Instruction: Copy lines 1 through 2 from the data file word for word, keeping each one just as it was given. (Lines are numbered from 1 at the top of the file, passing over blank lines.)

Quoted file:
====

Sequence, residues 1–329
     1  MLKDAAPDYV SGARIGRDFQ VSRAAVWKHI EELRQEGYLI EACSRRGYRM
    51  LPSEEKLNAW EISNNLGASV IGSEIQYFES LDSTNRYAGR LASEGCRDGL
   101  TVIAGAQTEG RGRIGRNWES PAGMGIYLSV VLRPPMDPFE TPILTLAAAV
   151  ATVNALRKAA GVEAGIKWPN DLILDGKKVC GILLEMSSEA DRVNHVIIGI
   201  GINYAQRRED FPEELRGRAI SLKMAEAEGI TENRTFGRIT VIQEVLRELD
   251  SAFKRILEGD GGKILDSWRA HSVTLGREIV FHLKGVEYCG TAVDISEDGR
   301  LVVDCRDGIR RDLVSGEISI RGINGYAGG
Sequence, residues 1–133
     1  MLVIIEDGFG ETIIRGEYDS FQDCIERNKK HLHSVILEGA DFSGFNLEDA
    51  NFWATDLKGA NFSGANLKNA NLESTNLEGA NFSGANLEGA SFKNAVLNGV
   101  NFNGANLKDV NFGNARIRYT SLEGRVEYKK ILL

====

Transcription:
Sequence, residues 1–329
     1  MLKDAAPDYV SGARIGRDFQ VSRAAVWKHI EELRQEGYLI EACSRRGYRM